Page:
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Safety Advice Series: Rip Currents (Part 1) – Fort Lauderdale Airport Cruise Port

Safety Advice Series: Rip Currents (Part 1)

There are many things that Olympic swimmer Michael Phelps can do. He can swim a 100-meter butterfly in less than 50 seconds (49.82, to be precise). He can cheerfully inhale 10,000 calories of straight carbs in a single day and not gain an ounce of fat. But there is one thing that even Mr. Phelps probably cannot do: he could not swim his way to the shore to escape a rip current.

Now, I’m not telling you this to undermine the incredible swimming prowess of Michael Phelps. Heck, my best move in the water is the cannonball. What I’m trying to say is not that Michael Phelps is a weakling, but that a rip current really is that strong. If Phelps found himself trapped in one, and tried to swim straight to shore, there is a high chance that he’d be worn out before he got far. And he’s got 28 Olympic medals.

There are a lot of dangerous misconceptions about rip currents. Due to this unfortunate amount of misinformation, 100 people will die this year from getting trapped in one. Please, please, please do not become a statistic on our beautiful Fort Lauderdale beaches. Instead, follow this advice and you may wind up saving your own life, or the life of somebody you love.

What is a rip current?

A rip current is a type of current that runs perpendicular to the shore. These channels can be anywhere from 50 feet in length to 200 feet or greater in length. What makes them so terrifying – other than their gaping maw of death – is the fact that they are absolutely subtle as heck. Other than the powerful current churning just below the surface of the water, they can be very hard to spot with an untrained eye.

What isn’t a rip current?

Some people have heard rip currents be called “rip tides”. They are not tides at all. They’re not controlled by the gravity of the moon, they do not rise and fall, and they do not pass GO or collect $200.

They are also not “undertows”, either. One prevailing notion about rip currents is that they pull you under, into the murky depths below. (Why yes, that is a terrifying thought and also yes, I know what I’m going to have a nightmare about tonight.) However, it couldn’t be further from the truth. Rip currents don’t pull you under; they wear you out. Fatalities occur because the swimmer simply can’t go any further.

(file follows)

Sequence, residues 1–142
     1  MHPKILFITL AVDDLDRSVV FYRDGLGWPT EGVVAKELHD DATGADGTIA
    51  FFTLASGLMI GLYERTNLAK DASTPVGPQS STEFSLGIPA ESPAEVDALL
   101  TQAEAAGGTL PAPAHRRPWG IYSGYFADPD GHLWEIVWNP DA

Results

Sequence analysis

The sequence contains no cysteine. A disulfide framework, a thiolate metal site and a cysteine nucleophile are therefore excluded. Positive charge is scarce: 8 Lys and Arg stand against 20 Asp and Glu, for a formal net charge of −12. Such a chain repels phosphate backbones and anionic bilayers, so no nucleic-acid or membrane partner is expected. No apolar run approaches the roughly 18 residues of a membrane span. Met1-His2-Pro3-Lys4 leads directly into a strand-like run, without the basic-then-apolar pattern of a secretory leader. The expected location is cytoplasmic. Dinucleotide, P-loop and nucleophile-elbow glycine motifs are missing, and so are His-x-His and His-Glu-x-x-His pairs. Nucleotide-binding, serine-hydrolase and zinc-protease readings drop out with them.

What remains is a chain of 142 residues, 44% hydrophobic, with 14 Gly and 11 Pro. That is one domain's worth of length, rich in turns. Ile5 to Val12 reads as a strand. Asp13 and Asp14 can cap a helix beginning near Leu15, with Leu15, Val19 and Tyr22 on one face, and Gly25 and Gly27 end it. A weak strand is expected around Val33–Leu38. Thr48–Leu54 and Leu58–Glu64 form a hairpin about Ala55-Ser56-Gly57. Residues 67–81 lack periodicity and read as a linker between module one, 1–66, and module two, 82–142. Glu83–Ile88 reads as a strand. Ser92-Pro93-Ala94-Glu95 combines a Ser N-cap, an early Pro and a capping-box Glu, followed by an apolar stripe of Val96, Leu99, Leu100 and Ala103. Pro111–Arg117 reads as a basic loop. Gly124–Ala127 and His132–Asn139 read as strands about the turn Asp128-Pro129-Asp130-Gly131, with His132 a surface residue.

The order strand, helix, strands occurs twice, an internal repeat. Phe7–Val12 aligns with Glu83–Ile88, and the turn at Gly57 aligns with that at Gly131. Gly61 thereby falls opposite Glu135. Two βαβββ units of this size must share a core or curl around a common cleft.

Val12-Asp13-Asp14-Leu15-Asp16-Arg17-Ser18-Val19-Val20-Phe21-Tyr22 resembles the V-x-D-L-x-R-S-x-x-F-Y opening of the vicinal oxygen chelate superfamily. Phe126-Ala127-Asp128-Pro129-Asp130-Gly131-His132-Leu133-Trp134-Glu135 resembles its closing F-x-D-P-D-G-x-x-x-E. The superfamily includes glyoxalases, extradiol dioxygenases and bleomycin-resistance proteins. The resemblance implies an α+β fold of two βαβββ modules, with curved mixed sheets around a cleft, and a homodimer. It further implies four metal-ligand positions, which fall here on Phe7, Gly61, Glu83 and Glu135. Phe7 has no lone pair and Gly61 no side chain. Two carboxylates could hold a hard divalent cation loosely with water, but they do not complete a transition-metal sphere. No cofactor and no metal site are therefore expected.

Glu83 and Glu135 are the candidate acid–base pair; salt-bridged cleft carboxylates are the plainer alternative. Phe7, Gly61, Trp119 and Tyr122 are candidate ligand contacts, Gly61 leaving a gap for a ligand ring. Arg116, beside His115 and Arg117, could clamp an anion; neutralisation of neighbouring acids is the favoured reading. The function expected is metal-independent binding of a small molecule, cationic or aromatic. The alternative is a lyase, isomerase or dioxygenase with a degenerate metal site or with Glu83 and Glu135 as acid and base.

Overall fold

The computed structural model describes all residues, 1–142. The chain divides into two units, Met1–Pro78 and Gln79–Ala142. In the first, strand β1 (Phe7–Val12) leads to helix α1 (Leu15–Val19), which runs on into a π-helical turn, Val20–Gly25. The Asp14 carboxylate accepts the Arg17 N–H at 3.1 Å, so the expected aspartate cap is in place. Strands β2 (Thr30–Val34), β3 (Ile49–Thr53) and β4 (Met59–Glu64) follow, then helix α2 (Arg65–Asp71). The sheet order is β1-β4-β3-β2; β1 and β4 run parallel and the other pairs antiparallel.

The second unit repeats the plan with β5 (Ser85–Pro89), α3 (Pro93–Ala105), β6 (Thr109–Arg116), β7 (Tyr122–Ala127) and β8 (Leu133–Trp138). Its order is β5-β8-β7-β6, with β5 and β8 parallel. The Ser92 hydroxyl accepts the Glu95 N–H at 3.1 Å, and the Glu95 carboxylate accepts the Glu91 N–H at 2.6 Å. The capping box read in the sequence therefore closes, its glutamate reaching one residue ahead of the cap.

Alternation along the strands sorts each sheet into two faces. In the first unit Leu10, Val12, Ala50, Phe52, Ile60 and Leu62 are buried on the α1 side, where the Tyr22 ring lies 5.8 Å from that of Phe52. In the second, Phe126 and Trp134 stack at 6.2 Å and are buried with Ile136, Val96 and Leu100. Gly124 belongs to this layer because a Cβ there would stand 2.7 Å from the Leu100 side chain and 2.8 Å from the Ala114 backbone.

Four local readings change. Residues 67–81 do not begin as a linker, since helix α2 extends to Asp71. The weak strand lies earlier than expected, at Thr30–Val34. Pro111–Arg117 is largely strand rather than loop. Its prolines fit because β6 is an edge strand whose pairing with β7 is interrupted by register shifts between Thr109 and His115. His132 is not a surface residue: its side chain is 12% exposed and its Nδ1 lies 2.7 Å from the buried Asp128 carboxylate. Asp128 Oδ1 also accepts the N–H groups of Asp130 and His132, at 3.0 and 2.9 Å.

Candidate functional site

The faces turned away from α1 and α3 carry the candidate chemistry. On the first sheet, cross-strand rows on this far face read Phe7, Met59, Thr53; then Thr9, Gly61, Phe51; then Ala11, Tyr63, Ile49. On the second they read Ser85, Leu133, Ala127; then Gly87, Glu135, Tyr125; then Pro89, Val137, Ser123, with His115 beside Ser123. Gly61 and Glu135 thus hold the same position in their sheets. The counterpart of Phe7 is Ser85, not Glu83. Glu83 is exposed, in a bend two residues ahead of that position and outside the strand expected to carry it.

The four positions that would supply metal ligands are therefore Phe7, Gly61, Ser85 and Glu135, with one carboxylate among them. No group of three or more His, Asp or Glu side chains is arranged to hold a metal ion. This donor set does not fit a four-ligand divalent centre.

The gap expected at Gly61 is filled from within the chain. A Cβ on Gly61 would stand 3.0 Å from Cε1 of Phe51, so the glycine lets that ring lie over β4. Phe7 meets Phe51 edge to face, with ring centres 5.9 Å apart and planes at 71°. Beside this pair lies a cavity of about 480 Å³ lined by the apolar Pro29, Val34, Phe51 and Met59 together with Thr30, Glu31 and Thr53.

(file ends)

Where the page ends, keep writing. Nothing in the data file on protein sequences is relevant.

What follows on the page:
What causes rip currents?

Some people believe that rip currents occur in certain weather patterns. The fact is, a rip current can happen on a sunny day. They can happen on stormy days. They can occur when it’s 72° and cloudy. In other words, rip currents aren’t dictated by weather conditions. Instead, they are controlled by water conditions.

While rip currents can form on any type of beach (shallow water, deep water, anywhere waves can form), they do have a certain preference for oceans that have certain features in them, like jetties or piers. They form when surface water is pushed toward the shore. This leads to a slight rise in sea level. The water needs to go somewhere, and it’s going to get there as easily as possible. It rushes back in along the surface of the water and voila – a rip current has been born.

Now that we’ve properly terrified you about rip currents, we’re just going to end this article right here. Good luck in the future!

Just kidding.

Please check out Part 2, Safety Advice Series: Rip Currents. In the upcoming segment, we will teach you how to not only spot a rip current, but also how to survive one.